Frequency-Multiplexed Array Digitization for MIMO Receivers: 4-Antennas/ADC at 28 GHz on Xilinx ZCU-1285 RF SoC

Najath Akram, Arjuna Madanayake, Sravan Pulipati, Viduneth Ariyarathna, Satheesh Bojja Venkatakrishnan, Dimitra Psychogiou, John Volakis, Theodore S. Rappaport, Thomas L. Marzetta
<span title="">2021</span> <i title="Institute of Electrical and Electronics Engineers (IEEE)"> <a target="_blank" rel="noopener" href="https://fatcat.wiki/container/q7qi7j4ckfac7ehf3mjbso4hne" style="color: black;">IEEE Access</a> </i> &nbsp;
Communications at mm-wave frequencies and above rely heavily on beamforming antenna arrays. Typically, hundreds, if not thousands, of independent antenna channels are used to achieve high SNR for throughput and increased capacity. Using a dedicated ADC per antenna receiver is preferable but it's not practical for very large arrays due to unreasonable cost and complexity. Frequency division multiplexing (FDM) is a well-known technique for combining multiple signals into a single wideband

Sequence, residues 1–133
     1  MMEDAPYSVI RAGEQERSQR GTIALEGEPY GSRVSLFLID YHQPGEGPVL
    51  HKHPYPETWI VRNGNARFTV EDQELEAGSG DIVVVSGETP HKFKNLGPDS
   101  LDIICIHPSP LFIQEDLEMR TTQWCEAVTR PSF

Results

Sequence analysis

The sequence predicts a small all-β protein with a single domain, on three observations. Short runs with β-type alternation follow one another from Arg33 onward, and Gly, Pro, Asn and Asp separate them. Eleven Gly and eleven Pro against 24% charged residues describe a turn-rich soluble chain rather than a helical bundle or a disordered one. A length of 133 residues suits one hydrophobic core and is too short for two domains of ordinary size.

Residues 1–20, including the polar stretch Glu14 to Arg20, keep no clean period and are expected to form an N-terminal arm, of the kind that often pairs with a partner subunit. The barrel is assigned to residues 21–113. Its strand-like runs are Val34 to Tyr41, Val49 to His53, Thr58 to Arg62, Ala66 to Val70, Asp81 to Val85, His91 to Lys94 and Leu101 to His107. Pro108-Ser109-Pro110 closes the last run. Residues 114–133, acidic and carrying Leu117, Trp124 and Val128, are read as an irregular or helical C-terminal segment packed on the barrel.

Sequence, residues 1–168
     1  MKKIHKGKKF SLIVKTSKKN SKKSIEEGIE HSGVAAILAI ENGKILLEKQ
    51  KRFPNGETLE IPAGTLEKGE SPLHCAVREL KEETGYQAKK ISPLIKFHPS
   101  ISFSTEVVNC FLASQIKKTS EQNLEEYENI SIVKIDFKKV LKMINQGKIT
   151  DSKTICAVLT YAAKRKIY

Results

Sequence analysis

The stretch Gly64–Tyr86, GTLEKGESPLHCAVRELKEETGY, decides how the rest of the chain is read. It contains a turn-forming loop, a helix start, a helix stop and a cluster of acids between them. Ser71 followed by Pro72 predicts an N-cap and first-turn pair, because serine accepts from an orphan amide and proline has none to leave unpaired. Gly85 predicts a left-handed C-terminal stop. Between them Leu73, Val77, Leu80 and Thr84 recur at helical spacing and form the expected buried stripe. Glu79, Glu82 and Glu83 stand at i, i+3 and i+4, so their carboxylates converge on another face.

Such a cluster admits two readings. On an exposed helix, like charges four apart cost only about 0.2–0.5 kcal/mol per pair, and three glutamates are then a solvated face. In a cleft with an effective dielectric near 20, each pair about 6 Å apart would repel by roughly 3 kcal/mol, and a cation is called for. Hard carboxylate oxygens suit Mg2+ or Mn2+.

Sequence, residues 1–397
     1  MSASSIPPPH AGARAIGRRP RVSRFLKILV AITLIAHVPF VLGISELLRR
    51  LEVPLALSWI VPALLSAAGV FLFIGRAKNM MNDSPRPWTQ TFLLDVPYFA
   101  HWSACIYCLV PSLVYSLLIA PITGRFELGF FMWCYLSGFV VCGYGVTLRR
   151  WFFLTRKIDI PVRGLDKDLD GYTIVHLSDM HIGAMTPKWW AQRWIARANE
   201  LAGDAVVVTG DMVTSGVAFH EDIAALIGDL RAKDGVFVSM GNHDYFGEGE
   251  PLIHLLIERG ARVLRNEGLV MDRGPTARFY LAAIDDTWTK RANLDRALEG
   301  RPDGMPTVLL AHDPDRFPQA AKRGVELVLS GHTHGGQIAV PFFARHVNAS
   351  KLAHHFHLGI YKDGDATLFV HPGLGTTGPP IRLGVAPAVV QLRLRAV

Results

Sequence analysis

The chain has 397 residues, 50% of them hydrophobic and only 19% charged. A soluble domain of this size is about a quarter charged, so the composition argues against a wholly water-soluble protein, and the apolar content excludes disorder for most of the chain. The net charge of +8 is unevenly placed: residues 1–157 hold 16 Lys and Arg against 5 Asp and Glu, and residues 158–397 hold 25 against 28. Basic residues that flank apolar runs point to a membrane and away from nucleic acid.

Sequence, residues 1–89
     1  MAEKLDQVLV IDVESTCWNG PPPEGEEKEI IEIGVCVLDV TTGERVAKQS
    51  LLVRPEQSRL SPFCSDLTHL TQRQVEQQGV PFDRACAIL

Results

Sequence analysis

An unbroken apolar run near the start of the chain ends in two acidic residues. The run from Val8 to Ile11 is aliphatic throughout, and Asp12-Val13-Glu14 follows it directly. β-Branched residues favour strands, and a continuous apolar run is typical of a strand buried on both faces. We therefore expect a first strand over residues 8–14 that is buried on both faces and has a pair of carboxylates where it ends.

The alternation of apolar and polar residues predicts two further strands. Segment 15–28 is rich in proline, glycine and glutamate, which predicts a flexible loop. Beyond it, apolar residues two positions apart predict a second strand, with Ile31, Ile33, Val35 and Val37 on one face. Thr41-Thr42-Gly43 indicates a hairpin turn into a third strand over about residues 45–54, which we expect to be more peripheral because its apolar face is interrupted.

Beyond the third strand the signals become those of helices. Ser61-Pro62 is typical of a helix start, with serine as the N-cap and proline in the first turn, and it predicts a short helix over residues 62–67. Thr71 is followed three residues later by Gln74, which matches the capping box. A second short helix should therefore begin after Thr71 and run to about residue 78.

more &raquo; ... In a first of its kind measurements, this paper explores FDM for combining multiple antenna outputs at IF into a single wideband signal that can be sampled and digitized using a high-speed wideband ADC. The sampled signals are sub-band filtered and digitally down-converted to obtain individual antenna channels. A prototype receiver was realized with a uniform linear array consisting of 4 elements with 250 MHz bandwidth per channel at 28 GHz carrier frequency. Each of the receiver chains were frequency-multiplexed at an intermediate frequency of 1 GHz to avoid the requirement for multiple, precise local oscillators (LOs). Combined narrowband receiver outputs were sampled using a single ADC with digital front-end operating on a Xilinx ZCU-1285 RF SoC FPGA to synthesize 4 digital beams. The approach allows M -fold increase in spatial degrees of freedom per ADC, for temporal oversampling by a factor of M . INDEX TERMS Analog-digital conversion, antenna arrays, MIMO systems, millimeter wave radio communication. 142744 VOLUME 9, 2021 NAJATH AKRAM (Member, IEEE) received the B.Sc. degree in electrical and information engineering from the University of Ruhuna, Sri Lanka, in 2016, and the Ph.D. degree in electrical and computer engineering from Florida International University, in 2020, with a focus on digital and mixed domain hardware complexity reduction algorithms and implementations for massive MIMO. His research interests include multi-dimensional signal processing, RF systems design, and antenna array processing.
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